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Everything posted by Desparado

  1. Joel - 100% agree, but we have some in our agency that state that we still have to get a full cost proposal even though the nature of our A&E work contains several unknowns that make it impossible to price upfront.
  2. BTW - I have this in Contract Administration because I am discussing task orders on multiple award A&E contracts. The underlying contracts are silent on this issue.
  3. So if we do use options and the FAR does not apply, how does that affect the idea of unpriced options? Since cost is not a competitive factor in A&E selection, is the taboo on unpriced options applicable?
  4. So does that then mean that we cannot have ANY options in an A&E contract?? Seems pretty restrictive.
  5. Would it make a difference if it was A&E work where we award to the most highly qualified and cost is not part of the competition?
  6. I've utilized unpriced options in the past but recently a co-worker has raised that these were determined by GAO back in 1986 ( https://www.gao.gov/assets/150/144237.pdf ) to basically be sole-source contracts. Does anyone else use them? If so, what additional documentation do you include, if any?
  7. I was reading this below and a thought came to me. http://smallgovcon.com/gaobidprotests/price-reasonableness-vs-price-realism-the-gao-explains-the-difference/ I then did some cursory FAR research searching the term, "price realism" and found zero results. Plenty about "cost realism" but no mention of "price realism". Obviously it's a thing as you can see in the link as considered by GAO. I'm just curious if anyone knows where the term came up and if it is rooted in policy somewhere that I just can't find.
  8. Ashley - Like others here have said, it is extremely rare that a waiver would be granted. Many civilian agencies have different education requirements (some only require 24hrs of management/business courses through GS-12) so that may be of some help. Regarding pay, have you looked at your current pay and compared it to the GS pay scale where you live? If you are trying to come over at a lower GS level it will be much easier than if you are trying to come over as a GS-13 or something like that.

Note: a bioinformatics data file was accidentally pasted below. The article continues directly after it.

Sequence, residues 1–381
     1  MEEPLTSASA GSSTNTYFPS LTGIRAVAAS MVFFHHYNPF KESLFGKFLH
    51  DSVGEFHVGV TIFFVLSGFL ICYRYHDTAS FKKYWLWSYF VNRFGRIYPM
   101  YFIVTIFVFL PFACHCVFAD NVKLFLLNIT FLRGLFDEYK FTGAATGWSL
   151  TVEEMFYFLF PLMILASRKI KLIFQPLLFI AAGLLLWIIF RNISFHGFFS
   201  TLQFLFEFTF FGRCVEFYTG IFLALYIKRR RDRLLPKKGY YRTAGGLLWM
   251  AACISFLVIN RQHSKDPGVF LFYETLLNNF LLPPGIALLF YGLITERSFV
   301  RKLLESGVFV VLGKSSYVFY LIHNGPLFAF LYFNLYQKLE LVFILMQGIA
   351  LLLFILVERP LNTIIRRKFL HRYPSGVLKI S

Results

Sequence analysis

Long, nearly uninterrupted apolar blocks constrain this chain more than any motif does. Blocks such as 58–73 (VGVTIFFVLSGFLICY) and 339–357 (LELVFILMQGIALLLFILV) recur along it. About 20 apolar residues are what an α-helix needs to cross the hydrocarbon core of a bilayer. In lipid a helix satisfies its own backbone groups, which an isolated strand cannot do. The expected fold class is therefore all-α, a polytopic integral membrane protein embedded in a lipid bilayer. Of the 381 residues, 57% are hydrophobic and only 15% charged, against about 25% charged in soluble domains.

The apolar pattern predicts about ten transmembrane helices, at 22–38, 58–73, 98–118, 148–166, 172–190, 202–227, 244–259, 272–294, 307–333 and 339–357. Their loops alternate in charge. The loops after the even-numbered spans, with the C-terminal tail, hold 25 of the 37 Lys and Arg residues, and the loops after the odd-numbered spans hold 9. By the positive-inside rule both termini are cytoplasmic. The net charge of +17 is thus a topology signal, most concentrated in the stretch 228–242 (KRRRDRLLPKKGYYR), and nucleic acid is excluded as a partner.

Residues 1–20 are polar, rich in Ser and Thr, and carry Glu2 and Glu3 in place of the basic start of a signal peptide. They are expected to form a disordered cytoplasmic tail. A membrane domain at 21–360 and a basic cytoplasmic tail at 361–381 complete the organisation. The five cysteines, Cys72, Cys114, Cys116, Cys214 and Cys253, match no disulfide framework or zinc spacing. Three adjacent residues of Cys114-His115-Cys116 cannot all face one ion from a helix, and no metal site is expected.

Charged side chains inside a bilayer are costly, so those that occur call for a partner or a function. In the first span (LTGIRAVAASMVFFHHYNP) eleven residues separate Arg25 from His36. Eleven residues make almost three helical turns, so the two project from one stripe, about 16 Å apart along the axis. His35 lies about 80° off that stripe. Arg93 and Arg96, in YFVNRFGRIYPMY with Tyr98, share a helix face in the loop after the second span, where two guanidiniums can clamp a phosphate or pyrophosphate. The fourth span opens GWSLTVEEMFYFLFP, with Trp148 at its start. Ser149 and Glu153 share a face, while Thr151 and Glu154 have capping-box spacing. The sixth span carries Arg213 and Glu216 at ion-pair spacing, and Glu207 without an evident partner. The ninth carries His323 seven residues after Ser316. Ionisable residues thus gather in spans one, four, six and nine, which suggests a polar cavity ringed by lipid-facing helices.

9. In some agencies all 1102s are Contract Specialists that are warranted (aka, KOs) but a check-and-balance system exists in that their work is peer-reviewed prior to release and if the acquisition is high enough ($10M as an example) a "level above" review is required.
  10. You can set a higher standard for past performance than the simple responsibility standard. For example, for a particular acquisition, you can set that all Past Performance must be at a level higher than "Satisfactory" in order to be considered technically acceptable. The TA is whatever the government sets it to be. As long as offerors meet that standard (no matter by how much), price then becomes the only discriminating factor.
  11. I actually think the opposite. I think it is underused. There's no reason why past performance cannot be part of an LPTA competition. Part of the TA could be that the contractor must have acceptable past performance based on XX. It would be a pass/fail criteria as with the technical factors.
  12. I would think that you would have to specifically call out in the solicitation that in the case of a tie, technical superiority would reign... I would lean more to the idea of having exchanges with offerors. Odds are that they won't both lower the price to the exact same amount and at least one of them would lower it a tad, which is all that would be needed. I did have this happen to me once doing a GSA delivery order. We pulled a name out of a hat (documented, with witnesses).
  13. The GPC is primarily used for micro-purchases, although some agencies are using it as the payment method for larger purchase orders or contracts. This is an unusual method and it will be interesting to see how well it works down the road. Getting that large a sum of money to pitch something (or at least that's what it looks like) could be viewed as innovative, or wasteful... depending on the actual results
  14. I saw this article on WIFCON's front page and found it confusing. I am curious what others' thoughts are on it. Pay a company $158,000 on the day of award? For what? I thought services or supplies should only be paid when the government receives the service/supply? I must be missing something but I'm not sure what I overlooked. Thoughts? https://www.af.mil/News/Article-Display/Article/1779609/inaugural-air-force-pitch-day-new-contracts-new-partners/
  15. FedConnect is a service that many agencies use. It not only connects with FBO but also interacts with Prism (another COTS) and loads communications, offers and other documents submitted by offerors and contractors directly into the acquisition software. So, although separate from FBO, if you want to do business with the agencies that use it, FedConnect is required.
  16. Your inference was correct. All factors were evaluated on a pass/fail basis for this LPTA acquisition.